Murine PCNs were treated for 3 days with the epigenetic modulators and Kcnk9 expression was analyzed by RT-qPCR. mPCNs treated with DZNep (20 µM), SAHA (30 µM), VPA (5 mM), and CI-994 (40 µM) exhibited a significantly increased Kcnk9pat expression (RT-qPCR) compared with Kcnk9KOmat mPCNs treated with dimethyl sulfoxide (DMSO) (control vehicle) (Fig. 4c). By contrast, treatment with the compounds Zebularine and C646 did not show any differential Kcnk9 expression in Kcnk9KOmat mPCNs compared with control conditions (Supplementary Fig. 3a).
For further investigations, we focused on the benzamide-based second-generation histone deacetylase inhibitor (HDACi) CI-994, a selective inhibitor of class I HDACs, which is a potent inhibitor of HDAC1 and 3 isoenzymes relative to HDAC6 and HDAC825. CI-994 showed the most efficient upregulation of Kcnk9pat expression in Kcnk9KOmat mPCNs (Fig. 4c). Furthermore, a previous study reported that intraperitoneal administration of CI-994 in WT mice resulted in long-lasting CI-994 levels in the brain without affecting the overall behavioral phenotype of mice26.
The effect of CI-994 in Kcnk9KOmat mPCNs was further tested in a dose-response experiment. Kcnk9KOmat mPCNs were treated with increasing concentrations of CI-994 for 24 h, and Kcnk9 expression was analyzed using RT-qPCR in comparison to DMSO-treated Kcnk9KOmat and WT control cells (Fig. 4d). As expected, the Kcnk9pat expression in DMSO-treated Kcnk9KOmat mPCNs was significantly reduced compared with that of WT mPCNs. After CI-994 treatment of Kcnk9KOmat mPCNs, we observed a strong linear correlation between the increase of Kcnk9pat expression and CI-994 dosage suggesting a specific, dose-dependent effect of CI-994. Notably, Kcnk9 expression in 80 µM CI-994-treated Kcnk9KOmat mPCNs exceeded that of DMSO-treated WT mPCNs in vitro (Fig. 4d). Treatment of Kcnk9KOmat mPCNs with 20 µM CI-994 showed a consistent increase of Kcnk9pat expression even after 10 days suggesting a prolonged and stable in vivo effectiveness (Fig. 4e). Cell viability analysis after treatment of Kcnk9KOmat mPCNs with 10 or 20 µM CI-994 did not reveal any toxic effect (Supplementary Fig. 4c). Intriguingly, CI-994 treatment did not affect the expression of other nearby imprinted genes within the imprinted cluster on mouse chromosome 15 in vitro (Supplementary Fig. 3b).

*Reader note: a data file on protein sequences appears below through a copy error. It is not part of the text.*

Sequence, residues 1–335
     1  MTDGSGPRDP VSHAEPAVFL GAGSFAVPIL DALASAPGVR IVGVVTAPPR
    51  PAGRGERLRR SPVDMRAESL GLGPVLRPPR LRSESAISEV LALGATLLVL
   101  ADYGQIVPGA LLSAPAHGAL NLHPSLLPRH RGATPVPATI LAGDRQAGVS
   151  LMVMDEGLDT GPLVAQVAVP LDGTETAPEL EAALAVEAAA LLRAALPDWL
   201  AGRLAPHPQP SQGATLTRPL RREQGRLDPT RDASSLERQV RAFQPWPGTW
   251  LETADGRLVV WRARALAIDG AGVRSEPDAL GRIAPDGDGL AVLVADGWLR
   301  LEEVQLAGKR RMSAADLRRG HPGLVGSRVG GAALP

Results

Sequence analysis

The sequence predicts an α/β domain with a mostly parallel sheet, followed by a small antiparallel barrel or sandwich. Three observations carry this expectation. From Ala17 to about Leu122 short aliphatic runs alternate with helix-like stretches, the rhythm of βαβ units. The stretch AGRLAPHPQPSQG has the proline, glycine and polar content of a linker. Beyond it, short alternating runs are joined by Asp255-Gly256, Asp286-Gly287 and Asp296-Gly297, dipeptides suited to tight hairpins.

CI-994 rescues the behavioral phenotype of Kcnk9KOmat animals
The detection of Kcnk9pat allele expression in several brain regions, prominently among them the LC, as well as the observation of intermediate phenotypes in Kcnk9KOmat animals led us to hypothesize that epigenetic manipulation could further stimulate paternal gene expression and thereby boost the phenotypical rescue.